How To Make the Perfect Peach Bellini

The Peach Bellini is a fruity and sophisticated cocktail made from a blend of fragrant white peach and ice-cold Prosecco. Prepared using juicy Italian peaches, Bellinis were originally enjoyed in the summer months only, when the peaches were in season. These days they can be made all year round, using purée or frozen peaches, but their refreshing fruity flavour still makes them a perfect cocktail for summer. A Bellini should always be served ice-cold, and can even be turned into a delicious grown-up popsicle to enjoy on the hottest days of all.

Harry's Bar entrance in Venice - Felix Haslimeier / Wikimedia Commons

If you’re looking for a drink with a sophisticated and slightly bohemian pedigree, the Peach Bellini could be your new favourite. The first ever Bellini was made in 1948 at the legendary Harry’s Bar in Venice. Harry’s was a favourite haunt of movie stars and intellectuals, and visitors might expect to see Ernest Hemingway, Truman Capote, Orson Welles, or Humphrey Bogart and Lauren Bacall propping up the bar. Owner and head barman, Giuseppe Cipriani, is celebrated for inventing both the Bellini and the classic Italian appetiser beef carpaccio, each of them named after the works of Venetian renaissance artists. The Bellini itself is said to have got its name because its delicate blush colour reminded Cipriani of the toga of a saint in a painting by Giovanni Bellini. Harry’s Bar was declared a national landmark in 2001 by the Italian Ministry for Cultural Affairs, and you can still order a Peach Bellini there to this day.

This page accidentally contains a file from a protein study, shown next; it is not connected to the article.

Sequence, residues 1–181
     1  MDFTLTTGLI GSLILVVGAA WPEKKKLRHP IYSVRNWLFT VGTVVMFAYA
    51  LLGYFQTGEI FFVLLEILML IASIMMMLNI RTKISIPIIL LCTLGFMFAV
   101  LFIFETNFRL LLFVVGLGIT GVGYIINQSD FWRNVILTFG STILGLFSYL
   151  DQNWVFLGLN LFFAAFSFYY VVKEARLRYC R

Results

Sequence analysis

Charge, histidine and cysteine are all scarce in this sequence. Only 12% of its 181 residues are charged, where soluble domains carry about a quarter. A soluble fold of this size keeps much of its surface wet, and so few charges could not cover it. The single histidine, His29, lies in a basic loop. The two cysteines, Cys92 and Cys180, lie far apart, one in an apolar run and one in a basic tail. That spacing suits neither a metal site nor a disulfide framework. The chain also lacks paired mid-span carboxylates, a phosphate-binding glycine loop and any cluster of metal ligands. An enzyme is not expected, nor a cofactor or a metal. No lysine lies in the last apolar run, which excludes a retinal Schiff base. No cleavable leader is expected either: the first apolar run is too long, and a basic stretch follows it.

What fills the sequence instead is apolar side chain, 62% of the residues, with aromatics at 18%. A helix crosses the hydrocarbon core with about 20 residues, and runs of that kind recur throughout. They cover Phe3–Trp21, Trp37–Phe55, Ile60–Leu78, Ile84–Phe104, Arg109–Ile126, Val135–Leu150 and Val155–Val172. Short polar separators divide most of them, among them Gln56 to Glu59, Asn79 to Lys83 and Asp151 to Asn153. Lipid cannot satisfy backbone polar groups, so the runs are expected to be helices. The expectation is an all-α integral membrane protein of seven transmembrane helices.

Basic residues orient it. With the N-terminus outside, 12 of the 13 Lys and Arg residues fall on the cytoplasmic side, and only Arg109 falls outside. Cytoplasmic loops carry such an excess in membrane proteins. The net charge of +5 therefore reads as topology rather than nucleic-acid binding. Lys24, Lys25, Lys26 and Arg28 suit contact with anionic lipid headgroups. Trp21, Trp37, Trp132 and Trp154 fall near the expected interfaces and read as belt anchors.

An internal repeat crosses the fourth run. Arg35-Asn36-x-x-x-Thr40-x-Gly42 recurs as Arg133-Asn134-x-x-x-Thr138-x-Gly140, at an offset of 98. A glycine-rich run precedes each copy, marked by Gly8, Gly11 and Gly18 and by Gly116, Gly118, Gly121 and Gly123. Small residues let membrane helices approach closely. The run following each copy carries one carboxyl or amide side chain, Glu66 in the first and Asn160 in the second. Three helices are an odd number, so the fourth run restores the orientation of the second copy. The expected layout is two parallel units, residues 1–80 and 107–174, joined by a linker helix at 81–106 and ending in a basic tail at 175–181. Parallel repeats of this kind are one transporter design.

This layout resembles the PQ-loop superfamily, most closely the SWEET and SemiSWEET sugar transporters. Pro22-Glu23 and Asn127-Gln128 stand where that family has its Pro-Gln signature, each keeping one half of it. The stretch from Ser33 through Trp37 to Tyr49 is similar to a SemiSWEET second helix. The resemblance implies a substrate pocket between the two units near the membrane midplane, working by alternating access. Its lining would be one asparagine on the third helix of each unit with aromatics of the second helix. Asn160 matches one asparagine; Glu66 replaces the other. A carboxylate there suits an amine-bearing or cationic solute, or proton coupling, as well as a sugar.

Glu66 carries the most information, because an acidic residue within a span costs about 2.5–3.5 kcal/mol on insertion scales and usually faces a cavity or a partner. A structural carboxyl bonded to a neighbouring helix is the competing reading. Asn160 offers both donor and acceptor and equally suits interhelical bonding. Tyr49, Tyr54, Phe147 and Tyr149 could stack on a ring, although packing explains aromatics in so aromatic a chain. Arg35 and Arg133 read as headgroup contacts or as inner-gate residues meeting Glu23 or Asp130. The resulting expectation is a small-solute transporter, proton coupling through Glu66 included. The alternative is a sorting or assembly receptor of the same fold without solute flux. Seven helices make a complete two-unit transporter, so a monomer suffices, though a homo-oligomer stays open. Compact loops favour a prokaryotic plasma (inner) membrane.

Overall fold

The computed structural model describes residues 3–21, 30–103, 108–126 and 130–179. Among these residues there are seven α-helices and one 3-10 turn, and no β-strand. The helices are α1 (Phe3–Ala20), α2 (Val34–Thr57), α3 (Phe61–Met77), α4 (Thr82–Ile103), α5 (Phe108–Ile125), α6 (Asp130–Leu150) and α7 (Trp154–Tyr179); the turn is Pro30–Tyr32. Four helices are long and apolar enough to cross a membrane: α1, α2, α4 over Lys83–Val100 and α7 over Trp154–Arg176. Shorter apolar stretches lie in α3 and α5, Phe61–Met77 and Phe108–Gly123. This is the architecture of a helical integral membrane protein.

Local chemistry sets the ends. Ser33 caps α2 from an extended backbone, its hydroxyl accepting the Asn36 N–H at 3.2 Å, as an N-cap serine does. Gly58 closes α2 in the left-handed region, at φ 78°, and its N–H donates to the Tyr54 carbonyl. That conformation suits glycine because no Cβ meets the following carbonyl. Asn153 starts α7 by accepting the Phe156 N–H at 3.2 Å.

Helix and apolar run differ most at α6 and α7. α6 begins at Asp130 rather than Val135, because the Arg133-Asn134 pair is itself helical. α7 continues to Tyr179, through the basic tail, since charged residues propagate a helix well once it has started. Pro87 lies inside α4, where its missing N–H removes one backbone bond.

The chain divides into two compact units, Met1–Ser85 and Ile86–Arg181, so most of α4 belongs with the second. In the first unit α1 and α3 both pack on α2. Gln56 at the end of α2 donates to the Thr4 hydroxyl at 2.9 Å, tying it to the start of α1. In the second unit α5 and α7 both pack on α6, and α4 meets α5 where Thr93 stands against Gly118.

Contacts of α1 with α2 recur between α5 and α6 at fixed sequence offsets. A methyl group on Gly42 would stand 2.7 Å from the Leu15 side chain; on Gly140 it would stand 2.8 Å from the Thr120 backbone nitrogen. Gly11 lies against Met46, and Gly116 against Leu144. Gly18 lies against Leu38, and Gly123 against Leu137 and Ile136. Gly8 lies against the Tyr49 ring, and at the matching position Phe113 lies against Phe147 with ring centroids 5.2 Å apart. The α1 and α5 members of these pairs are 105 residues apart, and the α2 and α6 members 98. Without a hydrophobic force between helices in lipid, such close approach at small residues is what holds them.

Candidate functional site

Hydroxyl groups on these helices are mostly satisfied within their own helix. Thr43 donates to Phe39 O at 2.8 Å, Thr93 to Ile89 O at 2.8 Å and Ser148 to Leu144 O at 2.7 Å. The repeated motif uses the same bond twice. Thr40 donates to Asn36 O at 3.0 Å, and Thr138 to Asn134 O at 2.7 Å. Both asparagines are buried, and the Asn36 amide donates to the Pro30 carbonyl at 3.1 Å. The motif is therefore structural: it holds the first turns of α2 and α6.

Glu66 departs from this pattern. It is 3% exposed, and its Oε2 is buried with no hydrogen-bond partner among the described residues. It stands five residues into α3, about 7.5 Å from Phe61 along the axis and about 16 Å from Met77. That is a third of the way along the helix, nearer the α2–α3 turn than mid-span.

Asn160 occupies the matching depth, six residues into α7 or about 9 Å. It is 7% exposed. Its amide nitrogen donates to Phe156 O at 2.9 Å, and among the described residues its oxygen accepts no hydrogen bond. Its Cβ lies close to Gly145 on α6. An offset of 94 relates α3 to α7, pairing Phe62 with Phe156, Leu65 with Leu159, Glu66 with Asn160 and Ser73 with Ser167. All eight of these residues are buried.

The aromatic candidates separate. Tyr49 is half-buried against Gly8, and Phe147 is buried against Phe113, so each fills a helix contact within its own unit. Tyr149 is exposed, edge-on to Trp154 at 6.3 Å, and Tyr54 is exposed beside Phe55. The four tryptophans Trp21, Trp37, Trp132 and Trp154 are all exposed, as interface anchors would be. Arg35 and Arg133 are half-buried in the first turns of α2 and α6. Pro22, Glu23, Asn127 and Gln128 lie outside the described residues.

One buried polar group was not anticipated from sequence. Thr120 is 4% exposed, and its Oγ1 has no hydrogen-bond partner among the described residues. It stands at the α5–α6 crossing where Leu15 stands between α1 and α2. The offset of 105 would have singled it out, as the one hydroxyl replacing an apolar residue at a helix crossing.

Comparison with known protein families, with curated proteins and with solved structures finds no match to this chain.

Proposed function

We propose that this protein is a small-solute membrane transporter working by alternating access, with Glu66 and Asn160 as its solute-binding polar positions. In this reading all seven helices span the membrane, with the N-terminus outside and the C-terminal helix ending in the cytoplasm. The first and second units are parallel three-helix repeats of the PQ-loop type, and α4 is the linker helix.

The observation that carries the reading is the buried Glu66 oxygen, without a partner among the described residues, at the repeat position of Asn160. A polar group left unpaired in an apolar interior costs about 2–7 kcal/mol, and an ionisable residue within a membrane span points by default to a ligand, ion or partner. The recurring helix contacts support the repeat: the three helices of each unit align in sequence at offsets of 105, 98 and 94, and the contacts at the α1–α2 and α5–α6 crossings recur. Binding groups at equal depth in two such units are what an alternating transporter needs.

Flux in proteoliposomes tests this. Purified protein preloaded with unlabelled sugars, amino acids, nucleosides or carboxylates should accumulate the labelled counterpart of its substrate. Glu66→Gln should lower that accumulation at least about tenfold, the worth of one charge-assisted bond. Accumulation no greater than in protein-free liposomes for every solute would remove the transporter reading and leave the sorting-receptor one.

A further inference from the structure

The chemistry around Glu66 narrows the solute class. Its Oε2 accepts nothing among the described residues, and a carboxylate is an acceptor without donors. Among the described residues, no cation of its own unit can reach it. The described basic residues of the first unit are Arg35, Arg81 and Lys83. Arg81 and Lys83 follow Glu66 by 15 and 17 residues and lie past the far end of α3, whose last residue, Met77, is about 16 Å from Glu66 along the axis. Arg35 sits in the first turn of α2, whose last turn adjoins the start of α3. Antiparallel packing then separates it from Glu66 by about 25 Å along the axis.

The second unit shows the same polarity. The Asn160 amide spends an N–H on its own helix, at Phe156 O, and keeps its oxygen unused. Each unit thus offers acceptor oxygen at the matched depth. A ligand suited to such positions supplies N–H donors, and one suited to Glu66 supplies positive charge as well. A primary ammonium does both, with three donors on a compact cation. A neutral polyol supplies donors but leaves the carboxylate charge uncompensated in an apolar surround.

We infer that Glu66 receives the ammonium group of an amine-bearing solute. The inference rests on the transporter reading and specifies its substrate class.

When making your Peach Bellini, there are various ways of adding the peach flavour. You can use sweetened peach nectar, or even schnapps if you like your Bellini with an extra kick, but for best results, nothing beats the fruit itself. The original Bellinis were made using white peaches from Verona, which are sweeter and have a more delicate flavour than yellow varieties. If you want your Bellini to have an authentic pink colour, you need to use white peaches, but if you can’t find any ripe enough, yellow peaches still make an attractive and tasty cocktail.

With simple recipes, the quality of your ingredients matters most of all. Think good quality Italian Prosecco and the ripest, juiciest peaches you can find. If the peaches aren’t ripe enough your Bellini will taste bland, so if peaches are out of season, it is best to use good-quality frozen fruit instead.

Try our easy-to-follow recipe for perfect Peach Bellinis every time. Serve as an aperitif or with brunch.

To make using fresh peach, you will need

Peel four of the peaches by cutting crosses at the top and bottom and submerging in boiling water for a few seconds. Remove carefully with a slotted spoon and leave until safe to touch. The skins should now peel off easily.

Slice the peeled peaches in half and remove the stones, then place in a blender and process until smooth.

Chill your purée in the fridge for a couple of hours. You can put some fluted glasses in to chill at the same time.

When everything is nicely chilled, take one of the fluted glasses and pour in some of the purée until the glass is around a third full.

Fill almost to the top with Prosecco, then stir gently to mix. Add more Prosecco to fill.

Finally, take the last peach and cut into slices to garnish your glasses.

To make using frozen peach, you will need

Defrost the peaches at room temperature for around 3-4 hours, and put your fluted glasses in the fridge to chill.

When defrosted, set aside a peach slice per glass to garnish, and process the rest in a blender until smooth.

Take your chilled glasses and pour in some of the purée until each glass is around a third full.

Fill almost to the top with Prosecco, then stir gently to mix. Add more Prosecco to fill and garnish with a peach slice.


How To Make the Perfect Peach Bellini